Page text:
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Canine Sniffs and Policing the Drug War

NCJ Number
Criminal Justice Review Volume: 35 Issue: 4 Dated: December 2010 Pages: 438-452
Durant Frantzen
Date Published
December 2010
15 pages
This article examines Federal appeals court decisions dealing with police canine searches of residential areas and vehicles that have been made since the U.S. Supreme Court's 2005 decision in Illinois v. Caballes.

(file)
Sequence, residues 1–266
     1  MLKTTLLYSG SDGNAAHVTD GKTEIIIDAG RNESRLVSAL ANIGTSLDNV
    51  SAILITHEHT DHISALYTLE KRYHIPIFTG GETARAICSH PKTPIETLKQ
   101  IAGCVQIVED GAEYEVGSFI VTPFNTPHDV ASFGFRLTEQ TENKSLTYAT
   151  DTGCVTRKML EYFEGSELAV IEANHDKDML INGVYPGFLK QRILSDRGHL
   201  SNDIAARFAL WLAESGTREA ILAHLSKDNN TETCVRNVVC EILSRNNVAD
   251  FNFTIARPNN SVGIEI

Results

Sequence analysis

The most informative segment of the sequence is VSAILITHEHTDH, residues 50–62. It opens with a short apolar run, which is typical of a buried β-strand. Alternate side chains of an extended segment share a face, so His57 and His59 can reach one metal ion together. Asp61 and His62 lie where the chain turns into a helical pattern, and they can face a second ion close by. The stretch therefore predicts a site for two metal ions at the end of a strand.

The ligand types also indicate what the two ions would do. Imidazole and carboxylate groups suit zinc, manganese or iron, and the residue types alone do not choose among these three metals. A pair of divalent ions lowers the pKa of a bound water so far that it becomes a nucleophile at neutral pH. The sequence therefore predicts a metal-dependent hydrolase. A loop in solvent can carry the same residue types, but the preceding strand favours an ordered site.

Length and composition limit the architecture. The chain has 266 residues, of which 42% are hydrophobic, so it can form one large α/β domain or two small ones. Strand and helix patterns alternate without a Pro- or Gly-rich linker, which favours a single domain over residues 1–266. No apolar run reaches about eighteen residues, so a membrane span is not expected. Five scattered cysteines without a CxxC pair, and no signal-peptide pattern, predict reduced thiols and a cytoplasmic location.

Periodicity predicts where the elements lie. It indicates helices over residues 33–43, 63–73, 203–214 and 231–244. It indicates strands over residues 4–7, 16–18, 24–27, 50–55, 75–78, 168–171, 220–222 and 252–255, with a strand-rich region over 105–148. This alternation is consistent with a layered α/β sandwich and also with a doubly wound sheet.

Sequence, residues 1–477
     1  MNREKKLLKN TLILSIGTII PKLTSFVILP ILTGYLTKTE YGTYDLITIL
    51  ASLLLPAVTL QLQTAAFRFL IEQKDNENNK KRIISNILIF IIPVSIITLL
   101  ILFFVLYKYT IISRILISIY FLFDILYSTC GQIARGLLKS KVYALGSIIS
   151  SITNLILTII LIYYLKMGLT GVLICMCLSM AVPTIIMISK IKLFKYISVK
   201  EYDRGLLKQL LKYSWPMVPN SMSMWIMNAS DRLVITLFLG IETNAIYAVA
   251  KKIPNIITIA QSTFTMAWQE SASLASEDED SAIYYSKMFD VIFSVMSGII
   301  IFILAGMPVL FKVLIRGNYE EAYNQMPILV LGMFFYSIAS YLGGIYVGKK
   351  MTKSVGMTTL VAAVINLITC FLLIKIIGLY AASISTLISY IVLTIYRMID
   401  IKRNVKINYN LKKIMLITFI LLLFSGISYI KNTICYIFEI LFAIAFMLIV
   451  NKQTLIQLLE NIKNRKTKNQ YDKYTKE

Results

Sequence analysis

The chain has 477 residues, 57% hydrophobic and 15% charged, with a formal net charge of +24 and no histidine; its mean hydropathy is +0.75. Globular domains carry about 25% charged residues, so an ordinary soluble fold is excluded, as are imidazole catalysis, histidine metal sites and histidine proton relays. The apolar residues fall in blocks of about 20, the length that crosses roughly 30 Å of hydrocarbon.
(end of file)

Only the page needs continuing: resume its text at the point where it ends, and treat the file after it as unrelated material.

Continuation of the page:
The war on drugs has resulted in numerous policing reforms, partly a function of policy established through the court system. In Illinois v. Caballes (2005), the Supreme Court held that a canine sniff of a vehicle's exterior is not a ''search,'' but acknowledged that a prolonged detention could result in a fourth amendment violation. This study examines the universe of Federal appellate court decisions involving canine sniffs postdating the Caballes decisiona period spanning more than 4 years. Results show that court decisions have largely focused on motorist stops, while only a minority of cases has involved canine sniffs of residences. Additionally, courts have usually held that a canine sniff occurring during a prolonged vehicle stop is not an unreasonable seizure. However, in limited contexts police questioning and the extent of the roadside detention can result in a fourth amendment violation. Although one's home is generally afforded the highest level of constitutional protection, appellate courts have ruled that canine sniffs of residences are less intrusive than technologically assisted searches. On the whole, findings reveal an overall suppression rate of 10 percent. Policy implications surrounding the use of canines in vehicle stops and residential searches are addressed. Tables and references (Published Abstract)